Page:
No Russia-UK Trade Deal, But Moscow & London Follow Similar Trade Strategies in Asia

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  • The UK is following an identical path to Russia in developing trade relations with India, ASEAN and East Asia 
  • Corporates from both could team up to take advantage of each other’s strengths, some including Free Trade Agreements one has but the other doesn’t. 


 
Op/Ed by Chris Devonshire-Ellis 

British Trade officials have stated that there is no basis for any trade deal at present between Russia and the United Kingdom, saying that “Russia needs to change its tune with Britain and be compliant.”

The attitude comes as the UK is open to new trade agreements in the wake of Brexit. But Russian trade is not on the menu. London has made it clear that trade can contribute to mutual prosperity but “cannot be the basis for normalizing relations with Russia”, and that “WTO rules will continue to apply to trade with Russia”. It was also made clear that ‘trade opportunities’ would be used as a lever for binding Russia to the rules-based international order increasing opportunities for UK businesses, in a statement that appears on face value to be adding political dimensions to any direct bilateral trade opportunities.

The Russian Foreign Minister, Sergey Lavrov has left the door open, saying “For our part, we are ready to resume the work of specialized bilateral mechanisms.”Despite the trade deal rebuff, Lavrov stated that bilateral trade between Russia and the UK reached £19 billion in 2020, an increase of 53.6 percent compared to 2019.

However, the two countries do have increasingly aligned trade ties in the wake of the UK’s Brexit and Russia’s Western sanctions: both are turning their trade faces to Asia. Russia is part of the Eurasian Economic Union (EAEU) which has recently signed Free Trade Agreements with Vietnam and Singapore and is currently negotiating others within Asia including several other ASEAN nations and China. Russia is a dialogue partner with ASEAN.

In moves that have mimicked those of Moscow, the UK has also recently signed trade agreements with Vietnam and Singapore and has joined ASEAN as a dialogue partner.

British Foreign Minister Dominic Raab visited Indonesia last week to discuss trade, Russia’s Foreign Minister Sergey Lavrov upgraded Russia’s trade ties with Indonesia to ‘strategic partner’ status last year.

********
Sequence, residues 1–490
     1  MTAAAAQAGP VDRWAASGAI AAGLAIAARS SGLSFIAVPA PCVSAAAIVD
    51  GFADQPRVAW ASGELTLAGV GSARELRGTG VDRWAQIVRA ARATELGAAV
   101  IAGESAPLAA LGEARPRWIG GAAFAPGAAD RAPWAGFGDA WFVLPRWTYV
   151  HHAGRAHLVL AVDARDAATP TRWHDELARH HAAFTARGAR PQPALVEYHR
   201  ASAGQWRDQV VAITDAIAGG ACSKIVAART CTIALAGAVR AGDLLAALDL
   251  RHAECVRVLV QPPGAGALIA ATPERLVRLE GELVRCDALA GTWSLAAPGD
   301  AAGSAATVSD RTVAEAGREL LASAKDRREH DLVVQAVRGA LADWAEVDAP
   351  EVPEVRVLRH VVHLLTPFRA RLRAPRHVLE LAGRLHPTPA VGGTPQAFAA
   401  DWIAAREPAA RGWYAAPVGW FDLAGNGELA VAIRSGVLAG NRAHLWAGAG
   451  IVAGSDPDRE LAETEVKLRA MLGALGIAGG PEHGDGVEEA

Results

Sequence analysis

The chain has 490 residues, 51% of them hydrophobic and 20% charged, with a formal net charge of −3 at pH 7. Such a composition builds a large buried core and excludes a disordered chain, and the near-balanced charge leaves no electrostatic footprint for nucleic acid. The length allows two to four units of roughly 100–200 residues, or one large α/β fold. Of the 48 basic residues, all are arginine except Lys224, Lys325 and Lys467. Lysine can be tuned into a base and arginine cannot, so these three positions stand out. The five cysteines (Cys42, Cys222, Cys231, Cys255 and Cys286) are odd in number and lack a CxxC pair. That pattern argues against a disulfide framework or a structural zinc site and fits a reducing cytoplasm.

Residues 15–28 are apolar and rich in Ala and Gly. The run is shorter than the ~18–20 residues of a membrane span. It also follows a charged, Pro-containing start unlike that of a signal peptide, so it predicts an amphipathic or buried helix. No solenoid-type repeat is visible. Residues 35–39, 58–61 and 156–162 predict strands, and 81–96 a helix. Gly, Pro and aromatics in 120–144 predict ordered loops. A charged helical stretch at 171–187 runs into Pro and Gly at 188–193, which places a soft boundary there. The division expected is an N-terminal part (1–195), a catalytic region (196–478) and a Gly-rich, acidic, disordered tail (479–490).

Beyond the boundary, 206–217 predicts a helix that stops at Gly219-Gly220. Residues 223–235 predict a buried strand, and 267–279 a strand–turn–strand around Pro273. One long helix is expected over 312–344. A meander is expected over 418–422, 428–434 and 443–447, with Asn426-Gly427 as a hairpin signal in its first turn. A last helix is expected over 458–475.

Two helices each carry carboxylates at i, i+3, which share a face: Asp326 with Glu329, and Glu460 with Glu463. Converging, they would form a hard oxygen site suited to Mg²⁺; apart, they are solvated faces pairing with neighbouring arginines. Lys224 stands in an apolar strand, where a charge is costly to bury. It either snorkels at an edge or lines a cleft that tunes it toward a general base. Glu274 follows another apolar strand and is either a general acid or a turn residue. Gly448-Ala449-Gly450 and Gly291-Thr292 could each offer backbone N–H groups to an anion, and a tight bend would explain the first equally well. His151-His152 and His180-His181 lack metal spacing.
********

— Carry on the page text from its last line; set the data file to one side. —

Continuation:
Tie-ups in Asia between Russian and British companies can also not be ruled out. While it seems unlikely that the UK will pursue a trade deal with China, Russia is currently negotiating tariff reductions that will impact on Russia-China trade as part of a China-EAEU Free Trade Agreement that was signed off in 2018 but currently remains non-preferential. Both countries are looking to double trade to US$200 billion. British businesses may therefore want to look at partnerships in the Russian Far East to access favourable trade terms with China currently denied them by London.

Russia has good regional trade and diplomatic ties at present with China, Mongolia, South Korea, much of ASEAN in addition to India (Lavrov was in New Delhi last week, with India also poised to join the EAEU), while the UK has good trade and diplomatic relations with Brunei, Singapore, Malaysia, Vietnam, and Japan, while the UK Prime Minister Boris Johnson is set to visit India on April 26.

While Russia and the UK may not be getting on with each other in direct bilateral terms, there will be plenty of Russia-UK competition on the markets throughout Asia – which may in turn lead to future corporate alliances on a B2B basis as both Governments target the same trade space, yet corporate collaborations could offer each party strategic advantages.

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About Us

Russia Briefing is written by Dezan Shira & Associates. The firm has 28 offices throughout Eurasia, including China, Russia, India, and the ASEAN nations, assisting foreign investors into the Eurasian region. Please contact Maria Kotova at russia@dezshira.com for Russian investment advisory or assistance with market intelligence, legal, tax and compliance issues throughout Asia.

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